We learned how to find objects and attack them, but we need to understand when we are done with the current monster and we need to take on the next one. To do this, we need to determine the remaining health of the monster. This trick has two steps. At the first stage, after we have chosen our target, we also use a special template to find a rectangle that refers to the window with the health of the monster, so we will omit the details.

Health window
Health window

Let’s take a closer look at the second step. Because the monster health window contains a strip of several colors, where one of them is red (the current remaining health of the monster) and brown (the lost health of the monster), then we can find the difference and understand whether the monster is still alive or not. To do this, we specify the lower and upper values ​​of the red color, use the inRange function to filter by the desired color interval and find all objects using contour analysis:

private fun checkHpBar(hpBarMat: Mat): Int {    
    val lower = Scalar(0.0, 150.0, 90.0)    
    val upper = Scalar(10.0, 255.0, 255.0)
    val subImageMat: Mat = hpBarMat.clone()    
    Imgproc.cvtColor(subImageMat, subImageMat, Imgproc.COLOR_BGR2HSV)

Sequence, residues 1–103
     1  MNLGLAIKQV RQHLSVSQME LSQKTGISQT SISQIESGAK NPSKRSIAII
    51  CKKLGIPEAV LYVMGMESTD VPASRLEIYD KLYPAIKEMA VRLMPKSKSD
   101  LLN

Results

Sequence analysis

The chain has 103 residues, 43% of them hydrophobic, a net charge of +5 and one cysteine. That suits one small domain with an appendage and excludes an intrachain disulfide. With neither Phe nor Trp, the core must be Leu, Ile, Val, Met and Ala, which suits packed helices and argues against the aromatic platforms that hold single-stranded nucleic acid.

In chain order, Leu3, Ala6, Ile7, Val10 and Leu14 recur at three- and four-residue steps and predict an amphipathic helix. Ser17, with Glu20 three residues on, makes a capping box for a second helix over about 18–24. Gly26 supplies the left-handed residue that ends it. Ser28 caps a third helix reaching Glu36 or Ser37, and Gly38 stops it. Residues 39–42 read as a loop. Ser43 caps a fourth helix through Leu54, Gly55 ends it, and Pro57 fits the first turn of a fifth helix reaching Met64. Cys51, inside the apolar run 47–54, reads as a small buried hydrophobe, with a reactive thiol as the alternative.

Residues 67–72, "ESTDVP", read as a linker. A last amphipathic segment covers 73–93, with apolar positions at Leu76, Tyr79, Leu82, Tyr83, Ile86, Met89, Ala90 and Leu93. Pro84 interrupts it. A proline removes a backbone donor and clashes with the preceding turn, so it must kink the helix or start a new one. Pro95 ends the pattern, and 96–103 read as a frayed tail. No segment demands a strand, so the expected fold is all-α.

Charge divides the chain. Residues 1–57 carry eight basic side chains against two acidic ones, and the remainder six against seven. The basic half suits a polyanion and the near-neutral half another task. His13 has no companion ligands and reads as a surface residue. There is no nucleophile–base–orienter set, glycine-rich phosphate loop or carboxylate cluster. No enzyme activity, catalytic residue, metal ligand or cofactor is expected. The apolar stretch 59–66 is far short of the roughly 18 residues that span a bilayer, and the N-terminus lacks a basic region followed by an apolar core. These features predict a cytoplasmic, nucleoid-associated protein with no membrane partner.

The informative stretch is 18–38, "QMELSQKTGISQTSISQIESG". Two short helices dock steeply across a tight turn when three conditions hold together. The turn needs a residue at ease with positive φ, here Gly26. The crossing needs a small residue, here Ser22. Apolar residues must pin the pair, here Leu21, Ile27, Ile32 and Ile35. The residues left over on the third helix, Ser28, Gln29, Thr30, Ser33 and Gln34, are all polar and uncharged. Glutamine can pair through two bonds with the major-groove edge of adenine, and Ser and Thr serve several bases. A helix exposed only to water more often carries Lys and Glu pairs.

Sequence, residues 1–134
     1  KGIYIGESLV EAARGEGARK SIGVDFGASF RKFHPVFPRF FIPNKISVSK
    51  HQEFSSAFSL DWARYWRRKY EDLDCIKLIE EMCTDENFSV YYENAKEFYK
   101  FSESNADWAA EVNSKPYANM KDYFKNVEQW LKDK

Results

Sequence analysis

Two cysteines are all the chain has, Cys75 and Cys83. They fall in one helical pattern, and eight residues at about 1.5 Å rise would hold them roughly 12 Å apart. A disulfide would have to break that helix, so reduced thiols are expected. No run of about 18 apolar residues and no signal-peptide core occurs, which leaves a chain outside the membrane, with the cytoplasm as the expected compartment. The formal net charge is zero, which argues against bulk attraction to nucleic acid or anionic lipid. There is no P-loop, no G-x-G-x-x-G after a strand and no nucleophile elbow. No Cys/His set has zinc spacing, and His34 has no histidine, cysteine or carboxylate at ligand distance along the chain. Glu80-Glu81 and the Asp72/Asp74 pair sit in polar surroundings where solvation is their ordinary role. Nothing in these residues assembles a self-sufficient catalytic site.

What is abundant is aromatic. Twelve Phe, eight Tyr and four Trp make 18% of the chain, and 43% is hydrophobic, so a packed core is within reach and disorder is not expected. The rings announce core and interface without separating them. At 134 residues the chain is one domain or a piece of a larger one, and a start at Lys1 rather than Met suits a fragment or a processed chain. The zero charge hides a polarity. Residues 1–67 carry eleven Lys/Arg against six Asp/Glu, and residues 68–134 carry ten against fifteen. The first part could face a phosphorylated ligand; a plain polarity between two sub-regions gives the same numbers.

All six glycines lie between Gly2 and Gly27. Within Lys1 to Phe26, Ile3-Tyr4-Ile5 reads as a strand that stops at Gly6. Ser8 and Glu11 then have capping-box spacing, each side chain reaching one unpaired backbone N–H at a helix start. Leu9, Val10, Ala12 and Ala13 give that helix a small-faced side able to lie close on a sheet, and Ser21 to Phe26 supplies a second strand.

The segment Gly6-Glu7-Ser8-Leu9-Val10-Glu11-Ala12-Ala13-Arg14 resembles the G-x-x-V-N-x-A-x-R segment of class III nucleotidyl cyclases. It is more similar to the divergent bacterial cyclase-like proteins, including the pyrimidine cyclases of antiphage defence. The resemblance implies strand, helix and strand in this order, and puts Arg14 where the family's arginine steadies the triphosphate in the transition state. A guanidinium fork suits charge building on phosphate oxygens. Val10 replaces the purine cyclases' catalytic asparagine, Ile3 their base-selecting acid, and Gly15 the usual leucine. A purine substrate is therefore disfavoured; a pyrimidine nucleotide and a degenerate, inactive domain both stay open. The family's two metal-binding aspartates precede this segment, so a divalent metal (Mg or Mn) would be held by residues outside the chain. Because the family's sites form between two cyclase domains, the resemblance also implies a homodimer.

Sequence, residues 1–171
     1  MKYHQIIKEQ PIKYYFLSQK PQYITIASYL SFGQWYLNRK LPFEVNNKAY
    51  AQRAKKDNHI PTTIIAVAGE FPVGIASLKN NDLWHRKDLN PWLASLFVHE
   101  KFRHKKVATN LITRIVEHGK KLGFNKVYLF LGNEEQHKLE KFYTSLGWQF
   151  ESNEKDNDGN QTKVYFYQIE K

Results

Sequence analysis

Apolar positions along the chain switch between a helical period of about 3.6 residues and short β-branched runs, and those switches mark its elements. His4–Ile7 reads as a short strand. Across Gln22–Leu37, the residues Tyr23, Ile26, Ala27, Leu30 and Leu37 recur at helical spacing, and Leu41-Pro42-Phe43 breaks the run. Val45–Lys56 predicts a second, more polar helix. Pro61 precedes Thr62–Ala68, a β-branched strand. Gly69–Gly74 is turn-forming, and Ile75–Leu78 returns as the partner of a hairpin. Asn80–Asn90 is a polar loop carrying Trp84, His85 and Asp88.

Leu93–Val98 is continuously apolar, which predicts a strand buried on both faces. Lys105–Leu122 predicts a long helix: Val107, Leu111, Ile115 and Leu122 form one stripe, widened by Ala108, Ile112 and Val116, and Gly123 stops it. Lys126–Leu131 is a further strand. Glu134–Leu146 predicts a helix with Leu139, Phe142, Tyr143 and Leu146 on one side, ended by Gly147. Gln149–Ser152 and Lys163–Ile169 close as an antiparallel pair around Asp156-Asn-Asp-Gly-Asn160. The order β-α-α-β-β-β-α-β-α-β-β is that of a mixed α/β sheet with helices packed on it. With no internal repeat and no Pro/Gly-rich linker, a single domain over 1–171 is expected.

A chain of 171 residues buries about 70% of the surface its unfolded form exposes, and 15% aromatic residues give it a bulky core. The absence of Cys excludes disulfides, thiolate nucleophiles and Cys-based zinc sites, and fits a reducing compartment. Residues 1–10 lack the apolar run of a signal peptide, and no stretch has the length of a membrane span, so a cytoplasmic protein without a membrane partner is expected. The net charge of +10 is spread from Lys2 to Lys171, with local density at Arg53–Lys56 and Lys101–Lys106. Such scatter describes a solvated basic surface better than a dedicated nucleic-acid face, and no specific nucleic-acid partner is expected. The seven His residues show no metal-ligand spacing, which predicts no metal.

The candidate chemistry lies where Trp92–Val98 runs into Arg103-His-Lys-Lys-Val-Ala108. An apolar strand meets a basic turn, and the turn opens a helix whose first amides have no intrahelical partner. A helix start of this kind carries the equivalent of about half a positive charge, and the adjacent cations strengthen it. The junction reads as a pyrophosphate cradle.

Core.inRange(subImageMat, lower, upper, subImageMat)    
    val remainingContours: MutableList<MatOfPoint> = mutableListOf()    
    Imgproc.findContours(subImageMat, remainingContours, subImageMat, Imgproc.RETR_TREE, Imgproc.CHAIN_APPROX_SIMPLE)
    val remainingLeftX = remainingContours.firstOrNull()?.toList()?.minBy { it.x }?.x ?: 0.0    
    val remainingRightX = remainingContours.firstOrNull()?.toList()?.maxBy { it.x }?.x ?: 0.0
    val totalHpBarWidth = subImageMat.width()    
    val remainingHpBarWidth = remainingRightX - remainingLeftX    
    val percentHpRemaining = remainingHpBarWidth * 100 / totalHpBarWidth

    if (percentHpRemaining < 1) return 0

    return percentHpRemaining.toInt()

More details about inRange and findCountours.

Ready! We have all the necessary functions, it remains to code the algorithm.
Our actions:

  1. looking for a monster by searching for all white rectangles

  2. check if he is alive, if not – return to point number 1

  3. start attacking

  4. when the monster’s health is zero – go back to point number 1

Repeat until you get bored!

The result of our work on YouTube:

Link to sources


It is clear that the clicker turned out to be not ideal and any external influence on the character will completely ruin our code, but I did not have a goal to write the most optimal bot. Using OpenCV allows you not only to identify tomatoes and find monsters in MMORPGs, but also opens up a huge scope for applications in various fields, limited only by the imagination. My goal was to understand the basic things and apply with an example. The next step would be to try modern machine vision using neurons, but this is already sometime next time. Share in the comments in what other unusual areas computer vision could be used 🙂